Physcomitrella patens and Ceratodon purpureus, mosses as model organisms in photosynthesis studies

Leeann E. Thornton, Nir Keren, Itzhak Ohad, Himadri B. Pakrasi*

*Corresponding author for this work

Research output: Contribution to journalArticlepeer-review

14 Scopus citations


With the discovery of targeted gene replacement, moss biology has been rapidly advancing over the last 10 years. This study demonstrates the usefulness of moss as a model organism for plant photosynthesis research. The two mosses examined in this study, Physcomitrella patens and Ceratodon purpureus, are easily cultured through vegetative propagation. Growth tests were conducted to determine carbon sources suitable for maintaining heterotrophic growth while photosynthesis was blocked. Photosynthetic parameters examined in these plants indicated that the photosynthetic activity of Ceratodon and Physcomitrella is more similar to vascular plants than cyanobacteria or green algae. Ceratodon plants grown heterotrophically appeared etiolated in that the plants were taller and plastids did not differentiate thylakoid membranes. After returning to the light, the plants developed green, photosynthetically active chloroplasts. Furthermore, UV-induced mutagenesis was used to show that photosynthesis- deficient mutant Ceratodon plants could be obtained. After screening approximately 1000 plants, we obtained a number of mutants, which could be arranged into the following categories: high fluorescence, low fluorescence, fast and slow fluorescence quenching, and fast and slow greening. Our results indicate that in vivo biophysical analysis of photosynthetic activity in the mosses can be carried out which makes both mosses useful for photosynthesis studies, and Ceratodon best sustains perturbations in photosynthetic activity.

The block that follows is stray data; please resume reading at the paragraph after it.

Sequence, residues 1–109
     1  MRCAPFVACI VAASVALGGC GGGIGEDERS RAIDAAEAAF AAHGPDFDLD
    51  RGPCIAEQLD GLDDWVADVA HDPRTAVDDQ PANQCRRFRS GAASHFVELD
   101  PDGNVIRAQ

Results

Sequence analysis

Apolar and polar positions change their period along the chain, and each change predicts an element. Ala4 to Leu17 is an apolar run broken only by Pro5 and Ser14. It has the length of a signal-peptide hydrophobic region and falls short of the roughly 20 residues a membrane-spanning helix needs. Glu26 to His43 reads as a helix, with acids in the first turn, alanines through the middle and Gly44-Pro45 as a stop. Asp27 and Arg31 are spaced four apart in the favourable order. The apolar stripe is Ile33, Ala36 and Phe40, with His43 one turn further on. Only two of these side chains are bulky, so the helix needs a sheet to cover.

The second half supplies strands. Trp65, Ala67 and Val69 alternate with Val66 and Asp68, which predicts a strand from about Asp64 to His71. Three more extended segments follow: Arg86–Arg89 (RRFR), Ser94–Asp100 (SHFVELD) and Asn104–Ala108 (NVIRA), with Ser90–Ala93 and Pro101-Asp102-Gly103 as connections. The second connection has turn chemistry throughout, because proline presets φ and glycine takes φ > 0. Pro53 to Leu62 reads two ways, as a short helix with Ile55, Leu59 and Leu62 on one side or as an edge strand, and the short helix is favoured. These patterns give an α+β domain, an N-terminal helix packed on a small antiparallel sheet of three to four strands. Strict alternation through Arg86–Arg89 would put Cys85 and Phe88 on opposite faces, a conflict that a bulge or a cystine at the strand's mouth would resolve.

Original languageAmerican English
Pages (from-to)87-96
Number of pages10
JournalPhotosynthesis Research
Issue number1
StatePublished - Jan 2005
Externally publishedYes

Bibliographical note

Funding Information:
We thank Prof. Ralph S. Quatrano, Washington University, Prof. David J. Cove, Leeds University, and Dr Maitrayee Bhattacharyya, Washington University, for collegial assistance. We thank Robert Thornton for bioinformatics assistance in developing oxygen evolution data analysis software. Grant supports awarded to H.B.P by the National Science Foundation and US Department of Energy, to L.E.T. by the National Science Foundation, to N.K. by the European Molecular Biology Organization and the International Human Frontier Science Program, and to I.O. by the Israel Science Foundation administered by the National Academy of Sciences are gratefully acknowledged.


  • Gene replacement
  • Greening
  • Moss
  • PS II fluorescence
  • Photosynthesis
  • UV mutagenesis


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